On the eleventh hour of the eleventh day of the eleventh month

Posted by Helen Friday, November 10, 2006


In Flanders fields the poppies grow
Between the crosses, row on row,
That mark our place, and in the sky,
The larks, still bravely singing, fly,
Scarce heard amid the guns below.

We are dead; short days ago
We lived, felt dawn, saw sunset glow,
Loved and were loved, and now we lie
In Flanders fields.

The First World War produced more poems in the English language than possibly any other. This particular one was written by a Canadian, Dr John McCrae in early May 1915, during the second battle of Ypres. It was first published, anonymously, in Punch in December of that year, though the authorship was soon established.

Dr McCrae stayed in France until January 1918. He died of pneumonia, compounded by exhaustion and depression on January 28. He was 45 years old.

Some years ago one of Tory Historian’s clever-dick journalist friends put forward the suggestion that Remembrance Day should be moved from November 11 (and, presumably, Remembrance Sunday from the nearest Sunday) because that was too closely linked in people’s minds with the First World War. This was before Gordon Brown in a fit of leadership fever suggested having a British Veterans’ Day.

To all of these suggestions Tory Historian can reply with the well-known political adage: “if it ain’t broke, don’t mend it”. The eleventh hour of the eleventh day of the eleventh month is easy to remember and the inherited memory of that war is hard to erase (or change despite its severe inaccuracies) precisely because of the poems.

While the image created by the poets was potent the analysis that has grown out of it is not entirely accurate. The image serves us well for remembrance of the dead of that and many other wars.

They shall not grow old, as we that are left grow old,
Age shall not weary them, nor the years condemn,
At the going down of the sun and in the morning,
We will remember them.

6 comments

  1. Anonymous Says:
  2. Have a listen to the Remembrance podcast on iTunes or the Royal British Legion blog. It's a good way to remember.

     
  3. Karic31 Says:
  4. I am a student in Edinburgh and attended the ceremony in the city centre today. On a day when four more soliders lost their lives for Great Britain rememberance day could hardly be any more important.

    I have just stumbled across this blog from the Conservatives main website, your now hooked up to my rss feeds. Looks like a cool site.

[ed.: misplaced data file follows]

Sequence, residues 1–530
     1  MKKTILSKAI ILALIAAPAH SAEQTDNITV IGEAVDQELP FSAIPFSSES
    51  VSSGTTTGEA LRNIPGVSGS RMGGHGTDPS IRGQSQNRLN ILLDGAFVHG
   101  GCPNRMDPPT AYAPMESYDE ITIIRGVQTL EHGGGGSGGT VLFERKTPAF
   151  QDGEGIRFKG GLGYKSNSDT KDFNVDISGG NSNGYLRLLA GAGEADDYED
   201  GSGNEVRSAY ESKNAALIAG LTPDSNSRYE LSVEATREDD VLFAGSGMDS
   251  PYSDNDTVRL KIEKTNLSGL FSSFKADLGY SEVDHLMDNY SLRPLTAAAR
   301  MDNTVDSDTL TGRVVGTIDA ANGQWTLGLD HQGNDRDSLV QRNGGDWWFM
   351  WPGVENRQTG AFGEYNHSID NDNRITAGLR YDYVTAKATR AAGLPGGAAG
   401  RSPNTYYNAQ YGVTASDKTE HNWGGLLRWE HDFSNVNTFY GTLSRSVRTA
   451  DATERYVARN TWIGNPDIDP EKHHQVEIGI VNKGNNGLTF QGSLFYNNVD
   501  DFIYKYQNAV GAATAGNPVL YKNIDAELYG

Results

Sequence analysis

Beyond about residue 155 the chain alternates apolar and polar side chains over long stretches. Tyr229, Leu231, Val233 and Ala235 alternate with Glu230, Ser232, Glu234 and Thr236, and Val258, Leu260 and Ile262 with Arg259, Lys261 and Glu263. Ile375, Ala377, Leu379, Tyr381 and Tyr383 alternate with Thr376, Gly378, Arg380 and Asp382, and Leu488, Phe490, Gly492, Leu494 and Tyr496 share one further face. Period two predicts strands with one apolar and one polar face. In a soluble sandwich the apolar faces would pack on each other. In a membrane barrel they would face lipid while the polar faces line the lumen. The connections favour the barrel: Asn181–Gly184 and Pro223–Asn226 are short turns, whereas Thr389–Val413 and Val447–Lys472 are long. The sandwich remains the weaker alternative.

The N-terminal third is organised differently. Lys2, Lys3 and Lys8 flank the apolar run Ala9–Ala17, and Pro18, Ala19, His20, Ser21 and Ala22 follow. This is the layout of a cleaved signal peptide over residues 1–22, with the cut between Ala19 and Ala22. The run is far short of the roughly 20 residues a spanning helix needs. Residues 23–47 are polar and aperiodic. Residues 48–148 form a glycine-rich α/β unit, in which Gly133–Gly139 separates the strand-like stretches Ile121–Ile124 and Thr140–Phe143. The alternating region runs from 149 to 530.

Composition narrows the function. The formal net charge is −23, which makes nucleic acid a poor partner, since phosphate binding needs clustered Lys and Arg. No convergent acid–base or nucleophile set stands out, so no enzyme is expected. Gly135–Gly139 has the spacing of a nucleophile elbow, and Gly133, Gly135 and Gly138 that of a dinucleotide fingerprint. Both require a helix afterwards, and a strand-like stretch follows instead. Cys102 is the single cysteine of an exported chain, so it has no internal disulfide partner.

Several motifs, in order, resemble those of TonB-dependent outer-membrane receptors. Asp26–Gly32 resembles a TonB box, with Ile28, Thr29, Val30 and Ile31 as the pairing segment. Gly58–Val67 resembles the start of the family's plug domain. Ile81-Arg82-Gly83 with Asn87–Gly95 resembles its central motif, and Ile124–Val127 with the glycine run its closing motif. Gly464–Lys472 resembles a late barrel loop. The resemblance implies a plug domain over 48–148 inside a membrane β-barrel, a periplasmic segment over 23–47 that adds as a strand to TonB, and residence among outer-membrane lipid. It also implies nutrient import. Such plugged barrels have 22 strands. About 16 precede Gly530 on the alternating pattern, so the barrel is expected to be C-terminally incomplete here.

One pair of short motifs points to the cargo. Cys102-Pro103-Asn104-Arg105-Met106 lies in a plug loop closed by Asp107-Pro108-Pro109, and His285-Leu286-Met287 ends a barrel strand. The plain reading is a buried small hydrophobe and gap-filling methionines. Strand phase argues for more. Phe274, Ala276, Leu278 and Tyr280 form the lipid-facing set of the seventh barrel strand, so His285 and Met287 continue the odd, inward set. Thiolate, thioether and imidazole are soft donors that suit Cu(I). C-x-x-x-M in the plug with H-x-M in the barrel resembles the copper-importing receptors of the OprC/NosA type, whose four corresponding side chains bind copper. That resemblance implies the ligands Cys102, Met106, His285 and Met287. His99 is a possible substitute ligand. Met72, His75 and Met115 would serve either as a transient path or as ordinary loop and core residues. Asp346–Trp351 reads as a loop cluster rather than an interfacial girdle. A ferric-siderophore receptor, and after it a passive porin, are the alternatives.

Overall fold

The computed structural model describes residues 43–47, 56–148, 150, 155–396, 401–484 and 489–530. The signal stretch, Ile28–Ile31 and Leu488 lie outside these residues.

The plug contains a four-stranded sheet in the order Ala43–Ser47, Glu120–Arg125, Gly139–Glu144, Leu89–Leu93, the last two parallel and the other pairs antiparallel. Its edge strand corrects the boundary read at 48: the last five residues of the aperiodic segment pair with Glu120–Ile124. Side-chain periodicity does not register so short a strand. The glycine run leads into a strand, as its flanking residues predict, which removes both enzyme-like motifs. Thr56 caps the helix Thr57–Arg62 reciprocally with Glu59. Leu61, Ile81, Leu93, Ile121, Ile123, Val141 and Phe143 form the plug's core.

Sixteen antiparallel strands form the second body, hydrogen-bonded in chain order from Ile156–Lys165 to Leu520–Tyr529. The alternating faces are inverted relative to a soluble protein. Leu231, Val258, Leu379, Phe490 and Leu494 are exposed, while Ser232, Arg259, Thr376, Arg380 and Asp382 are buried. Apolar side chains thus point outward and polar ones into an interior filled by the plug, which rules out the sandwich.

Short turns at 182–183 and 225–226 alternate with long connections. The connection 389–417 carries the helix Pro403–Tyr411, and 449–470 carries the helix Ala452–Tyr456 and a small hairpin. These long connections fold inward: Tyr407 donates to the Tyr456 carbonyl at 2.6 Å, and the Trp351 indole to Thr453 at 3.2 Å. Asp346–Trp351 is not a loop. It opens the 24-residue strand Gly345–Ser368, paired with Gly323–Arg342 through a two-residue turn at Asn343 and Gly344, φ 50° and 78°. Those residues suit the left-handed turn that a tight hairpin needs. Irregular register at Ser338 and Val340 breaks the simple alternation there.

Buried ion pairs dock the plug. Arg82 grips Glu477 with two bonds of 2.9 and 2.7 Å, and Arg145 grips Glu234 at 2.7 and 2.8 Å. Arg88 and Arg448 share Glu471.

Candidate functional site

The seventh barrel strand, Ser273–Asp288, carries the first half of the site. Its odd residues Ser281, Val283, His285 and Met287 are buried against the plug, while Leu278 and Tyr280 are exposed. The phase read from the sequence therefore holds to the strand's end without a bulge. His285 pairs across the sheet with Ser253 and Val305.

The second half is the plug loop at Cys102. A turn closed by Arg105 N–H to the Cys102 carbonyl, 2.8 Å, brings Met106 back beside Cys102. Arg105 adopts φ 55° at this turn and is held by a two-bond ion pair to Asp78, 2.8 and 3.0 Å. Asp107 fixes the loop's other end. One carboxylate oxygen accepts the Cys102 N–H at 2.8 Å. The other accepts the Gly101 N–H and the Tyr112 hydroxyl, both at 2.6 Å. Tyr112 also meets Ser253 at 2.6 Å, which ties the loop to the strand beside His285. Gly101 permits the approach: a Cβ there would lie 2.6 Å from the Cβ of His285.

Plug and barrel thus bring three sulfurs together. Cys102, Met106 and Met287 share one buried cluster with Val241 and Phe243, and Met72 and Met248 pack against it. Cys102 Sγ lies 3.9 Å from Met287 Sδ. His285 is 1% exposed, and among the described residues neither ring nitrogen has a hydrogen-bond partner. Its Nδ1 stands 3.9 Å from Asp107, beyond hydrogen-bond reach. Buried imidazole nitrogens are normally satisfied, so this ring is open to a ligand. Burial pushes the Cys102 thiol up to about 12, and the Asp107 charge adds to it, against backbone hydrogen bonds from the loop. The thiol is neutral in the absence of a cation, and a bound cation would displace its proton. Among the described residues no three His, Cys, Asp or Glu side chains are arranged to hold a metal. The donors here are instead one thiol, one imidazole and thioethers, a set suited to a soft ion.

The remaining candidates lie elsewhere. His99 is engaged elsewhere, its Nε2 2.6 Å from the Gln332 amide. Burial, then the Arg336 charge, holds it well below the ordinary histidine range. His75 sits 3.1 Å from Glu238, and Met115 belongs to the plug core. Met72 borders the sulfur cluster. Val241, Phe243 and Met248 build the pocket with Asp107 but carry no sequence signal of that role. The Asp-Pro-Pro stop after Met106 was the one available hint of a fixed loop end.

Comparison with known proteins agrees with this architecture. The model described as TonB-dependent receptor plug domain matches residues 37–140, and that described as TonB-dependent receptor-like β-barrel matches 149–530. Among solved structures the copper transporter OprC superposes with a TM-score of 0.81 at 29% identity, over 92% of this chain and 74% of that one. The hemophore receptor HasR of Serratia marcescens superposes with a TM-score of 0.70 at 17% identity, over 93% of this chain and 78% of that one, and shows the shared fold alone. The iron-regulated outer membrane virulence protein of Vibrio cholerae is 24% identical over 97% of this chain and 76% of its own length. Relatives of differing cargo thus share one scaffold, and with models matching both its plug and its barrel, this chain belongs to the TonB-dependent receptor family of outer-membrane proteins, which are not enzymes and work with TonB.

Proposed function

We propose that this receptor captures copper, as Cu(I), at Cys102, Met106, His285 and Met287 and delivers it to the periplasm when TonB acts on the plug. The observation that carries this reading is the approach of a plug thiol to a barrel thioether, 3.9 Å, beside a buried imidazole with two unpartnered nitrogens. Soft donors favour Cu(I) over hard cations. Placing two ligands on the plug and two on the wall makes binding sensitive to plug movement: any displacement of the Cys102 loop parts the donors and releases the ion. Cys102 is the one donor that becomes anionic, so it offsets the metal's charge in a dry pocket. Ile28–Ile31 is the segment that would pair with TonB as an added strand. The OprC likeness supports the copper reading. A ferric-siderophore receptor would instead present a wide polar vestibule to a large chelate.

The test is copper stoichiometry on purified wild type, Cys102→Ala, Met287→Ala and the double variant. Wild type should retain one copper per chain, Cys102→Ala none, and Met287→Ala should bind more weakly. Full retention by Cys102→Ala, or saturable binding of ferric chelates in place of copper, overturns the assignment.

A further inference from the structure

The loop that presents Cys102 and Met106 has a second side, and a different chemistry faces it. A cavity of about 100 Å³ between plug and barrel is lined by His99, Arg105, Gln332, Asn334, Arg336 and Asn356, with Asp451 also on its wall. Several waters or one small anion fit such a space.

5. Harley Says:
  6. How right you are that "the analysis that has grown out of it is not entirely accurate". If only people actually read about the history of the Great War and not Sassoon's infamous letter or Owen's "Dulce et Decorum Est" (a magnificently jarring poem).

    If people actually learned the reasons for the great sacrifice then they might stop being cynical about the sacrifice, full stop.

    The Remembrance Sunday service in Leeds City was certainly moving and the televised one in London was exceptional as always.

     
  7. As a regular pilgrim to the battlefields of Flanders and the Somme, I am glad to see that a more balanced view of the Great War is being portrayed. I am fed up with ignorant persons describing the missing of Thiepval and the Ypres Salient as sheep sent needlessly to slaughter, rather than soldiers fighting against oppression and tyranny at a time when the technology of military defence was more sophisticated than the technology of military attack.

     
  8. Alas, Robert, the alliance with Russia was always a bit of a problem for people who tried to portray WWI as a crusade for freedom and democracy. Not to mention Serbia. And gallant little Belgium was not highly thought of by people who had been looking the country's record in Congo, such as E. D. Morel.

    But that is not the issue when we discuss the actual conduct of the war.

     
  9. Anonymous Says:
  10. I think the line should read "They shall grow not old" as opposed to "They shall not grow old"

     
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